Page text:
Later On

A blog written for those whose interests more or less match mine.

Threats (and acts) of violence from the Far Right

leave a comment »

This study is stirring up the GOP, which does not wish to recognize or admit the dangers of far-right domestic terrorists. The description of the study at the link:

In the last few years, and especially since 2007, there has been a dramatic rise in the number of attacks and violent plots originating from individuals and groups who self-identify with the far-right of American politics. These incidents cause many to wonder whether these are isolated attacks, an increasing trend, part of increasing societal violence, or attributable to some other condition. To date, however, there has been limited systematic documentation and analysis of incidents of American domestic violence.

This study provides a conceptual foundation for understanding different far-right groups and then presents the empirical analysis of violent incidents to identify those perpetrating attacks and their associated trends. Through a comprehensive look at the data, this study addresses three core questions:

(1) What are the main current characteristics of the violence produced by the far right?

(2) What type of far-right groups are more prone than others to engage in violence? How are characteristics of particular far-right groups correlated with their tendency to engage in violence?

(3) What are the social and political factors associated with the level of far-right violence? Are there political or social conditions that foster or discourage violence?

It is important to note that this study concentrates on those individuals and groups who have actually perpetuated violence and is not a comprehensive analysis of the political causes with which some far-right extremists identify. While the ability to hold and appropriately articulate diverse political views is an American strength, extremists committing acts of violence in the name of those causes undermine the freedoms that they purport to espouse

You can download a PDF of the study.

Hayes Brown of ThinkProgress reviews the study and the need for it:

new study from a think tank connected to the West Point Military Academy highlights the threat of violent far-right movements in the United States, leading to the conclusion that, while diverse in in their causes, they are similar in their use of violence to achieve their aims.

West Point’s Combatting Terrorism Center was founded in the aftermath of the Sept. 11 attacks, and has primarily focused its research on international terrorist threats. Titled “Challengers from the Sidelines: Understanding America’s Violent Far-Right,” this new report instead looks as the risk that domestic groups pose to the U.S. Breaking down these groups into three categories — the Racist/White Supremacy Movement, the Anti-Federalist Movement, and the Christian Fundamentalist Movement — allows the study to examine the background ideologies and methods of each subset thoroughly, opposed to lumping them all together as most studies have.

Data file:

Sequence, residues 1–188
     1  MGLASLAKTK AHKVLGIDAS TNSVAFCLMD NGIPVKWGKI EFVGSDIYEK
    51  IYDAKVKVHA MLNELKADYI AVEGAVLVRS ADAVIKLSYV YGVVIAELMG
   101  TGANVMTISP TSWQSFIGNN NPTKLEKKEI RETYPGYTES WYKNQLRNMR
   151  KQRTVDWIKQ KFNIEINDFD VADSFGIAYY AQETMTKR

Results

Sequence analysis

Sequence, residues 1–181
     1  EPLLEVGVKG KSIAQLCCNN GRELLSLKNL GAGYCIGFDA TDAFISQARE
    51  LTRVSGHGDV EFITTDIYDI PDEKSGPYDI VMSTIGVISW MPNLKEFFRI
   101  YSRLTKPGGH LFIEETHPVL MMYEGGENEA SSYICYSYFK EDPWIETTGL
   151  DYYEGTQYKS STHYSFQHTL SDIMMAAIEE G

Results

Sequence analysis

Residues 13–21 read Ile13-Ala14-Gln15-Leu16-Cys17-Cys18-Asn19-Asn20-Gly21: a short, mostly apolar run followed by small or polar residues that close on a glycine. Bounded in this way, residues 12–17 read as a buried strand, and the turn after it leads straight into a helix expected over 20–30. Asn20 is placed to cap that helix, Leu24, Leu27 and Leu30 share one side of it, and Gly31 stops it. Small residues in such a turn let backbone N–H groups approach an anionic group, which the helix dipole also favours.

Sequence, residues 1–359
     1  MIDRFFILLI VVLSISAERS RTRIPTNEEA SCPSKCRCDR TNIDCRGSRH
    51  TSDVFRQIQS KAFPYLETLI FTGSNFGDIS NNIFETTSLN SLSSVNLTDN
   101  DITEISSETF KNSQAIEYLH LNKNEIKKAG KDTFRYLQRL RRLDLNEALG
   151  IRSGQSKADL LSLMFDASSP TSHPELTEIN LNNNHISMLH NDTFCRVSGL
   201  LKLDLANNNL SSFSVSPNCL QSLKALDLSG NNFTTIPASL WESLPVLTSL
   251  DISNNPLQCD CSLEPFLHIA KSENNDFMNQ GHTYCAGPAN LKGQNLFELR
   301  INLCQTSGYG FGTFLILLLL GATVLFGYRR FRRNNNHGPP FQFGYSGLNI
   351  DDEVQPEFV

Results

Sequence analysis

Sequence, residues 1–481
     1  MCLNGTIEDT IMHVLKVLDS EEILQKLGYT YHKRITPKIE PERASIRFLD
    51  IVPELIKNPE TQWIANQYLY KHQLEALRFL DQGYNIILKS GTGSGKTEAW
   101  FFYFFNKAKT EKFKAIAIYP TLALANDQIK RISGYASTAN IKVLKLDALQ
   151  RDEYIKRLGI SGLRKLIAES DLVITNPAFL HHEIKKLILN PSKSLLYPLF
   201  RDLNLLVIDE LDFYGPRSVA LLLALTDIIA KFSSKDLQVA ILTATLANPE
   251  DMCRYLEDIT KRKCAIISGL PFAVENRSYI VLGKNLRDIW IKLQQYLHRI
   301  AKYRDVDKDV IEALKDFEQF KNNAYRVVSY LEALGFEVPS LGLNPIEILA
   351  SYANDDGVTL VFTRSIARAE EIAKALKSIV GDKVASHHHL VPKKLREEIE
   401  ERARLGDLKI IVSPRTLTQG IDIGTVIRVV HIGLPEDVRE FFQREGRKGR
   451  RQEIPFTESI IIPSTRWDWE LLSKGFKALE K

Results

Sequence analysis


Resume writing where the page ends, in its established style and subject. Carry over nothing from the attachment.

Each of the groupings in the study represent competing ideological views, with none of them likely to cooperate in achieving their aims. The chances that each of these groups will use violence also varies. What they share, however, is a use of violence against their chosen targets — be it minority races or abortion clinics — to draw attention to and emphasize their given ideology. After charting out the various instances of violence carried out by each of the categories, the paper offers up several policy recommendations on responding to their actions:

From a theoretical perspective, this constitutes a further indication of the perception among some parts of the academic community that terrorism is an instrument of symbolic discourse which is shared by violent groups and their adversaries. Target selection is thus not based just on operational considerations, but is one component, among others, which allows violent groups to shape their message using violent practices—timing, weapons used and target locations, are only a small measure of the other components which contribute to the shape of the symbolic message conveyed via the attack.

In this context, policy implications are clear. If the numerous far right groups are driven by different ideological sentiments, and are thus also engaged in distinguishing tactics, then the response in terms of counterterrorism policies must be flexible and group/movement oriented.

The study is already coming under attack by Republicans for not properly defining what constitutes a member of the “far right.” . . .

Continue reading.

 

Written by LeisureGuy

19 January 2013 at 11:36 am

Posted in GOP, Terrorism

Leave a Reply

Fill in your details below or click an icon to log in:

WordPress.com Logo

You are commenting using your WordPress.com account. Log Out /  Change )

Google photo

You are commenting using your Google account. Log Out /  Change )

Twitter picture

You are commenting using your Twitter account. Log Out /  Change )

Facebook photo

You are commenting using your Facebook account. Log Out /  Change )

Connecting to %s

This site uses Akismet to reduce spam. Learn how your comment data is processed.